- Tighten everything up
- Make sure the feet are level
- Clean and alter the heat exchanger rod
- Clean the rest of it too
- Use some gasket tape for a quick fix
I’ll explain these solutions in more detail below, but first it’s worth looking at why your pellet stove might be making noise. I’ll also look at some of the best quiet pellet stoves on the market, in case you’re thinking of upgrading.
Why do pellet stoves make noise?
Unlike a traditional wood-burning stove, pellet stoves use small pellets as fuel. These are usually made from sawdust, bark, and other agricultural waste. This makes them a good option because they use existing (and otherwise wasted) materials.
As with any other mechanical device, you can expect some level of noise as standard when a pellet stove is working. That said, they’re generally quite quiet things, and so a lot of noise can be a sign of a bigger issue.
Your 3 main sources of noise from a pellet stove are:
1. The fan
Some pellet stoves have a fan fitted to help them circulate the warm air. Others, however, use natural convection, and so these will always be quieter.
The fan will turn on and off on its own and will always make some kind of noise when in operation. However, under normal conditions, this should be no louder than a refrigerator motor or something similar.
If the system becomes clogged with soot or other debris, it can result in the fan making more noise than usual. Also, some cheaper models won’t have quality components fitted, and so may make more noise anyway.
2. The pellets
As I mentioned, you can always expect some kind of noise from a stove that’s burning. The fuel itself will make noise, whether it’s cracking, spluttering, or the sound of it falling.
While this isn’t necessarily a bad noise (it can be quite relaxing on a cold day), it can be distracting in some situations. Bear in mind though, some level of noise is completely normal when burning fuel.
If the system becomes clogged from improper cleaning, this can result in wheezing or whistling noises because there’s not enough airflow. This is a fairly simple problem to solve, however.
3. The fuel system
Pellet stoves basically contain an automatic fuel dispenser, which can be a big help. This system uses a motor to drop fuel from the hopper into the burning chamber, which supplies a constant source of heat. See the video below.
The motor generally isn’t loud because it’s not very powerful, and isn’t on all the time. However, like other moving parts, it can become worn over time, which can result in it becoming louder.
The most obvious solution is to replace it, but you can perform a bit of maintenance work to get it running smoothly again.
How to make a pellet stove quieter
While there are a few almost silent pellet stoves on the market, there isn’t much point in buying a new one when you can make your existing one quieter.
You will find over time that your pellet stove could be making more noise than before. This is because, like anything else, it wears, which can have an impact on its function and efficiency.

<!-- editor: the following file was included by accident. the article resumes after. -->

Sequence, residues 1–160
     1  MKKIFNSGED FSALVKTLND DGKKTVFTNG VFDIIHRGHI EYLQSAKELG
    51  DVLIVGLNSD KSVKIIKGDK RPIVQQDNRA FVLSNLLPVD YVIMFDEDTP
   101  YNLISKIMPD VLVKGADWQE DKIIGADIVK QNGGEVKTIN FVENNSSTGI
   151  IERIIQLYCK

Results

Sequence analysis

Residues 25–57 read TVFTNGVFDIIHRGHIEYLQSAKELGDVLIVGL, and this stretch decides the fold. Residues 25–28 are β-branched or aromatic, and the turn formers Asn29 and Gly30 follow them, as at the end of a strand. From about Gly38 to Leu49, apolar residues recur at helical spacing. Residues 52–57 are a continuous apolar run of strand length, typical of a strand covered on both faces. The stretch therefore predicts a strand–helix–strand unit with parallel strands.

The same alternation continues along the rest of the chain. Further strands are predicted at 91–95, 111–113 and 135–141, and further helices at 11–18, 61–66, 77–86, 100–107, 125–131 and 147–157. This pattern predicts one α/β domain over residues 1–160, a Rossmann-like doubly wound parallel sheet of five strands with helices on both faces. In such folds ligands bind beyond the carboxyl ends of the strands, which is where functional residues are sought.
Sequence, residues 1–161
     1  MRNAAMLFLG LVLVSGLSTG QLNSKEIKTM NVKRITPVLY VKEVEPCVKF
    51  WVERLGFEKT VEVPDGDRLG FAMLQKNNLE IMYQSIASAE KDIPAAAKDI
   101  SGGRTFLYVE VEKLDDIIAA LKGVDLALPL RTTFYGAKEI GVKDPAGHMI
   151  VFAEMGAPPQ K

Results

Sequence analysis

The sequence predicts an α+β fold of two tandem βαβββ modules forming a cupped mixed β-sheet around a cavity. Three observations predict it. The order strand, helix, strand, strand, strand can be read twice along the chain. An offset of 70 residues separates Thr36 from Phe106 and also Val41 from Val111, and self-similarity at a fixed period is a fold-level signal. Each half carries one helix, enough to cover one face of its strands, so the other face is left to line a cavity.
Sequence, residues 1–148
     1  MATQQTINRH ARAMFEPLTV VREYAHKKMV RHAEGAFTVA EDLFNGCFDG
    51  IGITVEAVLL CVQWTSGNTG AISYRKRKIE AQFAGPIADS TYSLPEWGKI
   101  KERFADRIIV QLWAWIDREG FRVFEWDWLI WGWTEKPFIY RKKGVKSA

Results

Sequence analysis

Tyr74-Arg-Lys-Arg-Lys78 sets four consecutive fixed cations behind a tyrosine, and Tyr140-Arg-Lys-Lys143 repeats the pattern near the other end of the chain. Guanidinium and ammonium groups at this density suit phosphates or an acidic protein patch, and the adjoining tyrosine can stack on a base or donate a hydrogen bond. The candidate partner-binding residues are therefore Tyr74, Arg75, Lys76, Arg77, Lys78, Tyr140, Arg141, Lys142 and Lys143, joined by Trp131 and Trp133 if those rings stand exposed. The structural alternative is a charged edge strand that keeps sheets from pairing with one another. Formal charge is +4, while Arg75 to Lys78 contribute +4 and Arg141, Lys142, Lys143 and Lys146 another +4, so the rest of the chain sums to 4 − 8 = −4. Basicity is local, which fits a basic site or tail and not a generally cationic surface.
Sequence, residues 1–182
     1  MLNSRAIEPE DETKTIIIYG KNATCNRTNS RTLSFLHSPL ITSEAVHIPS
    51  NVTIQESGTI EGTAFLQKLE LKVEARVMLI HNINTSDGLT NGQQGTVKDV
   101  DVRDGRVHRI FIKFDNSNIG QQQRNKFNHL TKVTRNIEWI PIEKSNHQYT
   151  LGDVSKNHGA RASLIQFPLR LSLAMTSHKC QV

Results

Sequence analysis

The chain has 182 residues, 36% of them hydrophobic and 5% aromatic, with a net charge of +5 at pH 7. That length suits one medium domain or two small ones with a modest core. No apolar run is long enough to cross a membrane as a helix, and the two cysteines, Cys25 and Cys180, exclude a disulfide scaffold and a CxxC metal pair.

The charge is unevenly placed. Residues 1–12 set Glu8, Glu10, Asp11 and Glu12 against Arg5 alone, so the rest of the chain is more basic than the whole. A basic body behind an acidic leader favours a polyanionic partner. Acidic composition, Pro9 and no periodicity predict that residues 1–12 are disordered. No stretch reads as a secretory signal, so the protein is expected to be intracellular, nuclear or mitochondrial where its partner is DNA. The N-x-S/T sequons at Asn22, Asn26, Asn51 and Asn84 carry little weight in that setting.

So if you think your pellet stove is making a bit too much noise, try some of these solutions. If you have any concerns about noise levels pointing to a bigger problem, however, call in a professional.
1. Tighten everything up
Just like anything else with moving parts, pellet stoves can get looser over time. Another thing worth considering is that the constant heating and cooling of the metal causes it to expand and contract, which can strain the joins.
This is an incredibly easy problem to solve because you just need a screwdriver and/or wrench, depending on the design. Go round and check all the screws and bolts, ensuring everything is tight enough.
It’s possible that the motor is held in place with plastic ties, such as cable ties or something similar. These can be tightened or replaced if necessary, as the motor can wobble itself out of place.
I’d recommend checking everything over once every few months or so to keep it in good order. Loose screws will not only make more noise, but it’ll affect the stove’s efficiency too.
2. Make sure the feet are level
It’s likely that when the stove was set up its feet were leveled out. However, over time the stove could’ve moved itself causing it to not be level any more. While it’s unlikely it’ll wobble itself too much, wonky feet can cause plenty of vibrations.
You could buy something like these workbench feet (Amazon) which should fit fairly easily onto a stove. They have rubber rings on the bottom to reduce movement and vibration transfer.
Alternatively, you could buy some heat resistant foam (Amazon) and make your own feet pads. This is also a good option if your pellet stove has a wide base and sits directly on the floor.
If you’re going to put the stove on a cushioned pad, just be sure the material can withstand the heat. The last thing you want is for it to melt and create a fire hazard!
3. Clean and alter the heat exchanger rod
Pellet stoves use something called a heat exchanger. This is heated up inside the stove by the burnt fuel, and then it transfers the heat into the room. It’s designed like this because it means you don’t end up with a smoky room.
Over time, the heat exchanger can become clogged with debris and ash, meaning you need to clean it. A buildup of debris means less air is circulating inside the stove, which both affects efficiency and can make things much louder.
There are 2 ways to solve this problem:
- If it’s just ash, brush everything down with a paintbrush to dislodge stuck bits.
- Go over it with a vacuum cleaner, which can get a bit messy!